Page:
A web browser starts parsing an HTML file and needs to stop when it encounters a CSS or JavaScript file. Then, it fetches said file before continuing to parse the HTML code.

This can slow down your website and result in a poor LCP score.

To reduce the effect of render-blocking resources, start by identifying which resources are actually blocking rendering (this is where Semrush’s Site Audit Tool can help).

Then, check whether these resources are necessary.

Websites can sometimes unnecessarily load large bundles of JavaScript and CSS files. For example, there might be some leftover code that’s no longer used.

If a specific JavaScript function is not needed on a page, or the CSS can be downloaded at a later time (because it’s not necessary to render the page’s content), there’s no need to force the user’s browser to download it.

6. Defer Non-Critical CSS

You should split your CSS into critical and non-critical.

Critical CSS is needed to display content that’s visible as soon as the page loads (i.e., above-the-fold content).

Non-critical CSS is any CSS that’s needed to display content that’s positioned below the fold.

Since below-the-fold content doesn’t need to be visible immediately, you can defer the CSS needed to display it and load it after loading everything that’s needed to display above-the-fold content.

7. Use Preloading for Critical Resources

Preloading is a technique where specific resources are prioritized and loaded in the background while the page is being rendered. These preloaded resources are then stored in the browser’s cache, ready to be used when required.

By using preloading for critical resources (such as CSS, fonts, and above-the-fold images), you can prevent delays and improve your LCP score.

8. Upgrade Your Web Hosting

Upgrading your web hosting can help improve server response time, which, in turn, can improve your LCP score.

In a lot of cases, slow server response times are a result of websites using shared hosting.

Shared hosting is when multiple websites are hosted on the same server, often to save on costs. This means your website’s performance could be negatively affected if other websites on the same server experience large traffic surges.

For best performance, opt for dedicated server hosting from a reputable hosting provider. 

9. Enable Page Caching

Caching is the process of storing data in temporary storage (called a “cache”) so that it can be retrieved faster on subsequent requests. There’s different types of caching, including page, browser, and server.

Page caching is a type of caching where a website page is stored on the server as a static HTML file after being loaded for the first time. This avoids multiple queries being made to your website database every time the page is loaded.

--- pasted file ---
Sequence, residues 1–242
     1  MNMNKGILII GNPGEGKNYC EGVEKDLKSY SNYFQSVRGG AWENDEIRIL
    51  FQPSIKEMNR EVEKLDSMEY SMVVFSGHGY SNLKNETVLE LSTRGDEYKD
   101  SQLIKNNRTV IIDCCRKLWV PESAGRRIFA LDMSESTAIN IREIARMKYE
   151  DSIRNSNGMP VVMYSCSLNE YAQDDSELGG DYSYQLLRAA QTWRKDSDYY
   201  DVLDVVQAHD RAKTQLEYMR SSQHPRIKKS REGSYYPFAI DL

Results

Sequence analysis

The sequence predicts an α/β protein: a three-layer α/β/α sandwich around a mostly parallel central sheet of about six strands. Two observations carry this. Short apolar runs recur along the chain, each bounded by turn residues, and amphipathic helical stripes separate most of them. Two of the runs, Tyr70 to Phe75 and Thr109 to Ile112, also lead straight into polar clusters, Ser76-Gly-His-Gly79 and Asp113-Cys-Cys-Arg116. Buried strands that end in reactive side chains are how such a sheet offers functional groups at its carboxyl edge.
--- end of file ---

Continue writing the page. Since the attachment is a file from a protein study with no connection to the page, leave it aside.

Keep in mind that this type of caching isn’t suitable for all types of websites. But if your website pages don’t rely on dynamic information (e.g., the user’s time zone, language, etc.) or get updated very often, you’ll likely benefit from page caching.

10. Use a Content Delivery Network

A content delivery network (CDN) makes your website load faster by caching your website content across different servers and then serving it to users from servers that are physically closest to the user’s location.

This reduces latency—the time between the user’s request and the server’s response.

Popular CDN solutions include:

11. Limit Client-Side Rendering

Client-side rendering is a technique where a page’s content is rendered in the browser using JavaScript.

While client-side rendering can improve website performance in certain cases, it becomes an issue when you add a large amount of JavaScript into the mix.

This is especially true if you don’t compress and minify your JavaScript code.

To improve website performance and your LCP score, try to limit client-side rendering.

You can also try combining it with server-side rendering. With this approach, you generate the page on the server dynamically instead of rendering it on the client side.

12. Avoid Using Lazy Loading for Above-the-Fold Images

Lazy loading is a technique where the loading of resources (most commonly images) is deferred until they’re needed (i.e., until a user scrolls down to that part of the page). Websites often use it to improve page speed. 

While lazy loading can improve page load time, it can worsen your LCP score.

Why?

Because if the Largest Contentful Paint element on the page is an image, using lazy loading will defer loading that image over other resources. That can negatively impact your LCP score. 

Note: This only applies to elements above the fold. Lazy loading elements below the fold doesn’t affect LCP.

Optimize LCP and Maximize Your Website’s Potential

Optimizing Largest Contentful Paint is crucial for adhering to Google’s page experience guidelines and delivering a great user experience on your website. It can also help you improve your website’s rankings in search engine results.

Get started on improving your LCP score by checking your website for issues with Semrush’s Site Audit tool. From there, address any issues and use the tips outlined in this guide to optimize your LCP score even further.